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The Japanese government bond market has been the scene of some excitement in markets recently.
That’s not a sentence I have to type very often.
We’ll go into it in more detail below, but in a nutshell, investors don’t believe that the Bank of Japan (BoJ) can stick to its promises. The BoJ begs to differ.
Who’ll be the winner? And what does it mean for your money?
The thrills and spills of the Japanese government bond market
In September 2016, the Bank of Japan (BoJ) – a serious monetary policy innovator – decided to peg the yield on the ten-year Japanese government bond (JGB) at around 0%. In practice (so far), that means it won’t let the JGB yield rise above 0.1% or so.
In other words, if the yield on the ten-year JGB rises to above 0.1%, then the BoJ prints money and buys as many bonds as it takes to get the yield back down. Alternatively, if the yield turns negative, the BoJ will sell bonds to get the yield back up.
This policy is known as “yield curve control”. It’s gone beyond quantitative easing (QE) to the next logical step, which is price-fixing, pure and simple.
This decision was taken at a time when all the pressure on bonds was still for yields to fall. The BoJ didn’t want the yield on the ten-year to fall below 0%, because that would suggest that its war on deflation had been lost. Simply printing even more money would have risked the market shrugging its shoulders and saying “so what?”
It was a clever call. While most central banks were trying to figure out whether to extend or cut back on QE, the BoJ just cut straight to the heart of the matter. It said: “We’ll do what’s necessary to keep that yield at 0%. You can challenge that if you want, but we’re the ones who have complete control over supply and demand.”
Put like that, markets just went with it – they had, after all, no other option.
Yet in the last week or so, that’s changed. The BoJ has been challenged. Yields on the ten-year have risen (in other words, prices have fallen as investors have sold out). This has forced the central bank to intervene to drive them back down, on no less than three occasions.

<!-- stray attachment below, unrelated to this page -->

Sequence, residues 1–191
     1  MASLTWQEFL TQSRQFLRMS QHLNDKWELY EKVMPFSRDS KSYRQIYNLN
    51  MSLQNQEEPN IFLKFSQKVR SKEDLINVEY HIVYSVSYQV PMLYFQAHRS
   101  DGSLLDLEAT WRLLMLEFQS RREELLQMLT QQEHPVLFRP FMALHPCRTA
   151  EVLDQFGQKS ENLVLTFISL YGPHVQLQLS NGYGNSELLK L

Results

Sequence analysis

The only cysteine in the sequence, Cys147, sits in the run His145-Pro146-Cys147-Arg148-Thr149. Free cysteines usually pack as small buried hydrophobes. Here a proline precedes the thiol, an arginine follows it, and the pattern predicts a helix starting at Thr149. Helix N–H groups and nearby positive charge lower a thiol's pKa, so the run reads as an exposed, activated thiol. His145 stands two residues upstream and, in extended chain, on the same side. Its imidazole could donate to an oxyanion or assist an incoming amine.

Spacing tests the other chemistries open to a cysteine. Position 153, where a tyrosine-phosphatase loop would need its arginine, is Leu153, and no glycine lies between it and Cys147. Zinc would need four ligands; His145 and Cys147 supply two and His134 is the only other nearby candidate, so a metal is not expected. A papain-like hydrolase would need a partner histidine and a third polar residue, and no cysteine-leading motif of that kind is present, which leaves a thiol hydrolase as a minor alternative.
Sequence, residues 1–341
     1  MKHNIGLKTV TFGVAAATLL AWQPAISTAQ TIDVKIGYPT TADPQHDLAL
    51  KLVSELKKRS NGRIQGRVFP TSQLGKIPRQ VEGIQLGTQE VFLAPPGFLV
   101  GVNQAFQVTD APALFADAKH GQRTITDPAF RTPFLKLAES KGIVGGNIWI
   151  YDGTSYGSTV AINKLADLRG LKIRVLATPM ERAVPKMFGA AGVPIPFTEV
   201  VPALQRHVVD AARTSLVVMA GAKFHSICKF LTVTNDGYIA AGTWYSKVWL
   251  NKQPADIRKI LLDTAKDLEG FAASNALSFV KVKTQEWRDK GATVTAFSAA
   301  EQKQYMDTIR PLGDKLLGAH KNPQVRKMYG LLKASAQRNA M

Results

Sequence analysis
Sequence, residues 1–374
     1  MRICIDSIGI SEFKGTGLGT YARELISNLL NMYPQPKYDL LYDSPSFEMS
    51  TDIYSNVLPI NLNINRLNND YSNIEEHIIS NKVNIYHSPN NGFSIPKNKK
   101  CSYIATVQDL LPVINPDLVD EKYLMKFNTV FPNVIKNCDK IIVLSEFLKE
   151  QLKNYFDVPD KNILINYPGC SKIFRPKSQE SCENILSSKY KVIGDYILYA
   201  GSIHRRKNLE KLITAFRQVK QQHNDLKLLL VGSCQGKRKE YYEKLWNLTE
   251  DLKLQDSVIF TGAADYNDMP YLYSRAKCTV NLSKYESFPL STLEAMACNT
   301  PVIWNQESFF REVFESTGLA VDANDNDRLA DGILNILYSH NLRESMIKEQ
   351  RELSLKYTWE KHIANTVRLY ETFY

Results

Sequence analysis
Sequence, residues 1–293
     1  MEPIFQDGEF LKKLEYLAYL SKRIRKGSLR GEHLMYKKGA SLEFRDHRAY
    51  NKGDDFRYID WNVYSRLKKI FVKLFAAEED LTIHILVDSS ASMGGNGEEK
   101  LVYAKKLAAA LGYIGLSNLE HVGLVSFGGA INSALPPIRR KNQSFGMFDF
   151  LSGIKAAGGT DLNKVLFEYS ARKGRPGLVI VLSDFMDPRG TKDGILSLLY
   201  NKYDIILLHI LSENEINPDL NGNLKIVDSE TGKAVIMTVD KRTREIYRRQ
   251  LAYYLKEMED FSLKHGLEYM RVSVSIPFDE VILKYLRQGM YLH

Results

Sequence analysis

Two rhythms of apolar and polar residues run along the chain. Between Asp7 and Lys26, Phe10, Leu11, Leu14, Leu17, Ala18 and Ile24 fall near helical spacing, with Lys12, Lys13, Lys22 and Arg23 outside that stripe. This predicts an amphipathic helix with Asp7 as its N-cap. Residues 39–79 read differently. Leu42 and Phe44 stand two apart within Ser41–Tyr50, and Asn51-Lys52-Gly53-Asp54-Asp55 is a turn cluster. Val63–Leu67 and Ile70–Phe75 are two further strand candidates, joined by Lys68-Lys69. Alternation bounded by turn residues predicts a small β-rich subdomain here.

To be clear, as Marcus Ashworth notes on Bloomberg, the BoJ has only had to threaten intervention four times since the policy was introduced. And it only actually had to buy bonds on one of those occasions.
However, it’s now becoming clear that the pressure is on global yields to rise. Investors are starting to think that the BoJ’s policy is unsustainable. The Japanese economy might not be seeing a lot of inflation but it is doing pretty well.
It’s operating at full employment (in fact, employment is arguably even higher than that, in terms of what economists would have considered to be full employment).
As a result, there have been whispers that the BoJ was thinking of changing policy, to allow yields to rise further. One argument is that this would enable banks to improve their profitability (banks make money by borrowing over the short term to lend over the long term, so in effect, the bigger the gap between short-term bond yields and long-term ones, the more money they make).
So investors had started to take bets on a big shift at today’s BoJ monetary policy meeting.
Turns out they were wrong.
Make no mistake – the Bank of Japan has tightened policy (a little)
The BoJ shows no signs of backing down. Instead, it slightly widened the trading range of the ten-year yield – it’ll now be allowed to rise to 0.2% (or fall to -0.2%) before the BoJ intervenes.
BoJ boss Haruhiko Kuroda emphasised that this is a technical shift to enable the bond market to function properly, note Mark Williams and Marcel Theliant at Capital Economics. The BoJ made sure that everyone knows that it will keep interest rates at current levels “for an extended period”. He also emphasised that improving bank profitability is not one of the BoJ’s goals.
However, that said, a rise is a rise. In effect, the BoJ has gone from capping yields at 0.1% to capping them at 0.2%. I’m not sure that’s easily dismissed. It’s a tiny move but it is in effect, a very, very small hike in rates.
Sure, it’s very tentative, and Kuroda, as the Capital Economics note makes clear, was at pains to emphasise that this isn’t a step on the road to much tighter monetary policy – particularly given the fact that inflation in Japan still remains stubbornly miles away from the 2% target.
But if we’re wetting ourselves over 0.25% rises in the UK and the US, then a 0.1% rise in Japan is probably worth noting.
The market didn’t seem entirely sure how to react. And given that the BoJ is still prepared to keep funnelling cheap money into the global financial system, this hardly kicks the legs out from under the market. And I’d certainly stick with Japanese equities.
But as with every other central bank these days, the focus is now on how monetary policy can get tighter without blowing things up. And as I said in yesterday’s Money Morning, that’s already having an effect on global housing markets. It’ll be interesting to see what starts to struggle next.